Choirs from four Iowa cities will join voices with singers from as far away as Australia for a special concert in Ames this weekend. All of the singers share one common trait: Parkinson’s disease. Research finds singing may help prolong their lives. Iowa State University Professor Elizabeth Stegemoller assembled the first choir five years ago and will gather about 50 singers from Ames, Des Moines, Pella and Waverly tomorrow (Saturday) afternoon.

“We will rehearse and then we will have dinner together,” Stegemoller says, “and then that evening at 6:30, we provide a concert that’s free and open to the public to attend on all of the music we’ve been working on.” Stegemoller is a professor of kinesiology, the study of the mechanics of body movements. She invited other similar choirs from near and far, all comprised of people with Parkinson’s disease, to take part in the concert.

“They all recorded ‘Sing’ by the Carpenters and downloaded their videos,” Stegemoller says. “We have put together a video with all ten choirs singing the same song and we will sing along with that.” Three of those choirs are in Australia, one is in England, and the rest are strewn across the U-S, in Chicago, Boston, Nashville and Colorado.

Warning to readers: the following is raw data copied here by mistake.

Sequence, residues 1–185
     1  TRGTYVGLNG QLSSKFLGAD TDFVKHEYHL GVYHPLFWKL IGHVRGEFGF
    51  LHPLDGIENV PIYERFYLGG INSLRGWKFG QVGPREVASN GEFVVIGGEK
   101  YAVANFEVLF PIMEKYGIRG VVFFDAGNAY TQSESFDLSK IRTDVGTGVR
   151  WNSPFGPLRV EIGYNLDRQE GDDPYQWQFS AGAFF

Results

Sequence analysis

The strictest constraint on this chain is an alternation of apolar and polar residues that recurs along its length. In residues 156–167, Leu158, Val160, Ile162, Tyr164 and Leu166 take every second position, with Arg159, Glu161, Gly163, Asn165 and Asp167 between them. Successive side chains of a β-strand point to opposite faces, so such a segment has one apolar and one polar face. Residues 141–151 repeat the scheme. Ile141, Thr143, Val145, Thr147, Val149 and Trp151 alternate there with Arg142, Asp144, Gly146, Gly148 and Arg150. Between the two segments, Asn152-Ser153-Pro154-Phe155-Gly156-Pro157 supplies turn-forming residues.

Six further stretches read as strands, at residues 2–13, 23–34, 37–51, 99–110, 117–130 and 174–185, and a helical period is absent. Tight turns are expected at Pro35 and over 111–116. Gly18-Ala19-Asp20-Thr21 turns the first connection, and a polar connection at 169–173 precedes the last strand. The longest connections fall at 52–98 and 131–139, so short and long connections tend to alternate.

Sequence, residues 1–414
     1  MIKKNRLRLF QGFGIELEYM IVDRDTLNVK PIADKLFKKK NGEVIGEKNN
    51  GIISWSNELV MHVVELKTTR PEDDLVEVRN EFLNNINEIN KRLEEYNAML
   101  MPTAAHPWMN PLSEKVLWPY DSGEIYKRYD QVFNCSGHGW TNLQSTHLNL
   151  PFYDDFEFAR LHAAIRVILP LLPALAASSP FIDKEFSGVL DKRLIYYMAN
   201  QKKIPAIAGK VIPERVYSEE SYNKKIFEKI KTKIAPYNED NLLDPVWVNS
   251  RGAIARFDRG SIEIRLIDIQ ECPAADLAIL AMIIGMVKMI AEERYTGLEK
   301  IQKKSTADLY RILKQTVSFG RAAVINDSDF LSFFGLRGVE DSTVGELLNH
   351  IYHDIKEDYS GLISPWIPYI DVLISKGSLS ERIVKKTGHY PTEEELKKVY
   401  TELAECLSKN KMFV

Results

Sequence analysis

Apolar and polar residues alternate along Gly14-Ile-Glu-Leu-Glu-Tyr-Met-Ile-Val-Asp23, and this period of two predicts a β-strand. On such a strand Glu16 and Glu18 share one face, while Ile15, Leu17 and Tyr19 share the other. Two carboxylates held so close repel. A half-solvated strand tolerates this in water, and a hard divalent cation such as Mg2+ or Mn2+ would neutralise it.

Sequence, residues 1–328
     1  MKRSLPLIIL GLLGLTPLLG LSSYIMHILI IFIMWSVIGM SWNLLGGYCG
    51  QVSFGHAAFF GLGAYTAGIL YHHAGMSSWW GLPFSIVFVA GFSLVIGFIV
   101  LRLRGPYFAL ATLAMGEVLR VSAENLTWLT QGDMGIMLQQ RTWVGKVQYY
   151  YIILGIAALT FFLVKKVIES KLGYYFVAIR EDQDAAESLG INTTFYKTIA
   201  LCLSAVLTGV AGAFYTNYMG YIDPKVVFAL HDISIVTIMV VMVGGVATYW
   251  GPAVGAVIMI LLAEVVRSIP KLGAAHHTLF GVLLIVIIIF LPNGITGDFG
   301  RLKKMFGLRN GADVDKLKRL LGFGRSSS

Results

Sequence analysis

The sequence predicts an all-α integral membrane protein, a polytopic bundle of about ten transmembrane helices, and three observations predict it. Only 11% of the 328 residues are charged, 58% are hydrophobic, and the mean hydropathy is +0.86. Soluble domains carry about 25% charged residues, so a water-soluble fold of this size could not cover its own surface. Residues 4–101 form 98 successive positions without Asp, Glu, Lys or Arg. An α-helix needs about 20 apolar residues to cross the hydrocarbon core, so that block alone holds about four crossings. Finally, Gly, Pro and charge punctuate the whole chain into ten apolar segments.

“It’ll be the first time we’ve done this,” Stegemoller says. “Hopefully, it’ll all work out and be really fun for the group to sing not only with other people from Iowa but sing with people from across the country and even around the world that have Parkinson’s disease.” The act of singing uses the same muscles used in swallowing and for respiratory control. Those are two functions complicated by Parkinson’s disease, which can lead to death. Stegemoller’s research finds singing significantly improves this muscle activity. The choirs benefit the singers on multiple levels, not the least of which is extending their lives, but also reducing their stress levels and giving them a sense of community.

“A lot of times when you go to things about Parkinson’s disease, it can be kind of sad and ‘this is what’s going to happen,’ and that kind of thing,” Stegemoller says. “With our groups, we try to stay positive and uplifting and we’re doing something to make it better. Plus, they’re doing it together.” Stegemoller is working with several more choirs remotely, including in Storm Lake, Rockwell City and Keosauqua. The free concert is Saturday at 6:30 P-M at the First Baptist Church of Ames.